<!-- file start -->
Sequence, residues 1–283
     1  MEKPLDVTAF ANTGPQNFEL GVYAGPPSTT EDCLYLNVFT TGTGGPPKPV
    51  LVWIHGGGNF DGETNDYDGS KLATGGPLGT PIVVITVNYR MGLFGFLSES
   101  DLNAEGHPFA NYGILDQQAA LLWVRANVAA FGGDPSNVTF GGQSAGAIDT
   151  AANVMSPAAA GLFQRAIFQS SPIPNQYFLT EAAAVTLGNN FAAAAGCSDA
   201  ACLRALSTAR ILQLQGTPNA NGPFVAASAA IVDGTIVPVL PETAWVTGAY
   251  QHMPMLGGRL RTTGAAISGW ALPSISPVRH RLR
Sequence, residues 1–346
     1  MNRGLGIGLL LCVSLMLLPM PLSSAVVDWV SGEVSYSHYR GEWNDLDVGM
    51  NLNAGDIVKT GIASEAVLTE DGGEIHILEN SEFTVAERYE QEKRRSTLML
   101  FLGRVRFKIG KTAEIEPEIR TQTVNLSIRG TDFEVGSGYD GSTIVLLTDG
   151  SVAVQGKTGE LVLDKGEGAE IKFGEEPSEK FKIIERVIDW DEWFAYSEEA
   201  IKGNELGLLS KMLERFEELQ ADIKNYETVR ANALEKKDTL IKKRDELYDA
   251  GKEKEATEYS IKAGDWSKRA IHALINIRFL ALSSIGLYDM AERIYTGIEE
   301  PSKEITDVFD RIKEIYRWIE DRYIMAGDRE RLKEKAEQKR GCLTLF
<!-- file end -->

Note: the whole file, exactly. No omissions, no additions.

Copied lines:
Sequence, residues 1–283
     1  MEKPLDVTAF ANTGPQNFEL GVYAGPPSTT EDCLYLNVFT TGTGGPPKPV
    51  LVWIHGGGNF DGETNDYDGS KLATGGPLGT PIVVITVNYR MGLFGFLSES
   101  DLNAEGHPFA NYGILDQQAA LLWVRANVAA FGGDPSNVTF GGQSAGAIDT
   151  AANVMSPAAA GLFQRAIFQS SPIPNQYFLT EAAAVTLGNN FAAAAGCSDA
   201  ACLRALSTAR ILQLQGTPNA NGPFVAASAA IVDGTIVPVL PETAWVTGAY
   251  QHMPMLGGRL RTTGAAISGW ALPSISPVRH RLR
Sequence, residues 1–346
     1  MNRGLGIGLL LCVSLMLLPM PLSSAVVDWV SGEVSYSHYR GEWNDLDVGM
    51  NLNAGDIVKT GIASEAVLTE DGGEIHILEN SEFTVAERYE QEKRRSTLML
   101  FLGRVRFKIG KTAEIEPEIR TQTVNLSIRG TDFEVGSGYD GSTIVLLTDG
   151  SVAVQGKTGE LVLDKGEGAE IKFGEEPSEK FKIIERVIDW DEWFAYSEEA
   201  IKGNELGLLS KMLERFEELQ ADIKNYETVR ANALEKKDTL IKKRDELYDA
   251  GKEKEATEYS IKAGDWSKRA IHALINIRFL ALSSIGLYDM AERIYTGIEE
   301  PSKEITDVFD RIKEIYRWIE DRYIMAGDRE RLKEKAEQKR GCLTLF